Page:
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BUSINESSDESK: Goodman Fielder posted a narrower full-year loss as the branded food and ingredients company presses on with asset sales – possibly including New Zealand bakeries – and rationalising its line-up of businesses in a subdued Australasian market.
The net loss was $A146.9 million in the 12 months ended June 30, from a loss of $A166.7 million a year earlier, the Sydney-based company says. Sales fell 1.7% to $A2.5 billion.
Margins in Australia and New Zealand shrank as a tough retail market made it hard to pass on rising input costs. It is also in talks with a number of potential bidders about the sale of its New Zealand milling operations.
Impairments, restructuring costs and foreign exchange losses amounted to $A267 million, less than the $A300 million charge against goodwill in its Fresh baking division, which includes brands such as Vogels, in the previous year.
Goodman took a further $A143.5 million charge on its baking division this year.
The company is cutting costs and streamlining its brands while repaying debt to strengthen its balance sheet as it heads into a 2013 year likely to be characterised by a challenging environment and competitive pressures.
“The business is now much better equipped to respond to market challenges following the significant restructuring the company has undertaken over the past 12 months,” it says. “Consumer confidence in Australia/New Zealand will remain subdued, with the overall consumer spending outlook to remain challenging.”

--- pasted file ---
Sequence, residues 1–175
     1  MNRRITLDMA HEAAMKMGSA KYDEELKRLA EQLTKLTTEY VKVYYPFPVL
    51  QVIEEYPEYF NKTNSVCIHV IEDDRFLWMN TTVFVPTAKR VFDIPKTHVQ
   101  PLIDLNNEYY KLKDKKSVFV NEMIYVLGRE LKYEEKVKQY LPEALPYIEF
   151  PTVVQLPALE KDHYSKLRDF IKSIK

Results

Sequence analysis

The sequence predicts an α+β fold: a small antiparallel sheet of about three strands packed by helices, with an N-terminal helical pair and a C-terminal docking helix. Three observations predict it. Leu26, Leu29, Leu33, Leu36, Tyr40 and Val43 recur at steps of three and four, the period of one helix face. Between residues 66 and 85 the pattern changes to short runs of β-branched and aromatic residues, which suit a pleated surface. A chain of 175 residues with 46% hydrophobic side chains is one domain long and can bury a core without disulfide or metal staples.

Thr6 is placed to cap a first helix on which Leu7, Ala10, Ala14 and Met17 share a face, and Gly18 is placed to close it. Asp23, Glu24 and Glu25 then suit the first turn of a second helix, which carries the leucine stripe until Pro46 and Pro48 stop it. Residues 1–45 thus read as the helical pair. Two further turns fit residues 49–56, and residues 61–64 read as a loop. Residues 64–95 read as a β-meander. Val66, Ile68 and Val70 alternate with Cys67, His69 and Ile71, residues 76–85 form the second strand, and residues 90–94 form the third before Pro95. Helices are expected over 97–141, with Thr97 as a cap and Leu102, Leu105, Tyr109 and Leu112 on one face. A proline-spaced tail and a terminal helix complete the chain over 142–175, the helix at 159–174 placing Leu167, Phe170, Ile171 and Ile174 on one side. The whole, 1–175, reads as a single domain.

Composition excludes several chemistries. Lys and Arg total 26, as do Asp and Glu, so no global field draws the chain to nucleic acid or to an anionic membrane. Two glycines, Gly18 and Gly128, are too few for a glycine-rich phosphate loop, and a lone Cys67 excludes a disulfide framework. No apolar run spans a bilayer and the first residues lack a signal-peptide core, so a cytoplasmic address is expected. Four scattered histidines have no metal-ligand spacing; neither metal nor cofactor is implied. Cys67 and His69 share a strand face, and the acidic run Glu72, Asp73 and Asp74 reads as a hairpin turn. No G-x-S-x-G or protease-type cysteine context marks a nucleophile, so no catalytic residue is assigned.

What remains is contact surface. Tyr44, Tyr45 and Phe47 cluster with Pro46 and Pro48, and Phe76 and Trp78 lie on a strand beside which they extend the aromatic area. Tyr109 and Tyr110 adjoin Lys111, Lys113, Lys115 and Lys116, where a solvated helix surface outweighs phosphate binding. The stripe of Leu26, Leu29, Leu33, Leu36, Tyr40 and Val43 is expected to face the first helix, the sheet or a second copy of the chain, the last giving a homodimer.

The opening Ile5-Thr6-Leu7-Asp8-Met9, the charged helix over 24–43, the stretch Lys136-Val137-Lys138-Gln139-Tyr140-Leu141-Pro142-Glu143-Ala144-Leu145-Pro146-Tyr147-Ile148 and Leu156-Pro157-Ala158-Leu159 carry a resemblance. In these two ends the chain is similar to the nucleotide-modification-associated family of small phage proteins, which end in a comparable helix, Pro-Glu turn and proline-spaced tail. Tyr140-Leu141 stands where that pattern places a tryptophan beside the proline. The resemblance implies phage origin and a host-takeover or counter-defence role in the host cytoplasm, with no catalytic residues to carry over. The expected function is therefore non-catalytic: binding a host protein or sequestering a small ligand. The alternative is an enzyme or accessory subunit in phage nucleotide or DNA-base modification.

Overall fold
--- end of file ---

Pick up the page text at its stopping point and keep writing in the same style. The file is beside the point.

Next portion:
Goodman’s shares rose 4.1% to 51 Australian cents on the ASX. Normalised earnings before interest and tax fell 20% to A$233 million in the latest year, within the guidance the company gave with its first-half results.
The shares, which are rated a "hold" based on a Reuters poll of 12 analysts, have gained 9.2% this year.
The company will not pay a final dividend.
Net debt fell about 24% to $A728 million after a $A259 million capital raising.
Goodman is restructuring its businesses under its Project Renaissance strategy, which is aimed at “realigning the cost base to meet current conditions and reposition for future growth”. It aims to achieve $A100 million in annualised savings by 2015.
The baking division, its largest by sales and earnings, reports a 4.3% decline in sales to $A979 million and a 29% drop in "normalised" earnings before interest, tax, depreciation and amortisation to $A93.2 million. Its ebitda margin shrank to 9.5% from 12.8%.
Reduced volumes and the loss of a private label supply contract were compounded by higher costs for labour and logistics. Its cost-cutting response, including the elimination of 338 jobs across the region, were not enough to offset volume and price declines, it says.
It is in the process of closing three Australian bakeries.
Home ingredients sales fell 5.7% to $A450 million and normalised ebitda dropped 16% to $A81.1 million, while the ebitda margin fell to 18% from 20.1%. Weak consumer demand meant it struggled to pass on increased commodity costs for oils and flour.
Fresh dairy revenue decline 2.7% to $A411 million and normalised ebitda fell 10% to $A46.4 million. Its ebitda margin shrank to 11.3% from 12.2%.
Milk volumes declined in New Zealand, where a major competitor, likely to be Fonterra, cut its own retail prices while wholesale prices for milk paid by Goodman didn’t fall by the same amount.
Asia Pacific sales climbed 11.5% to $A333.5 million normalised ebitda rose 13% to $A66.3 million and its ebitda margin grew to 19.9% from 19.6%.
Highlights included increase sales of MeadowLea and Meadow Fresh brands, a strong position for its Crest poultry brand in Fiji and sales of Flame brand flour in Papua New Guinea.
Its Integro commercial oils business, which it is in talks to sell, recorded a 1.9% gain in sales to $A339.9 million, while normalised ebitda fell 24% to $A30.6 million. The margin in that business fell to 9% from 12.1%.
Goodman says it expects to conclude the sale of Integro by the end of this month.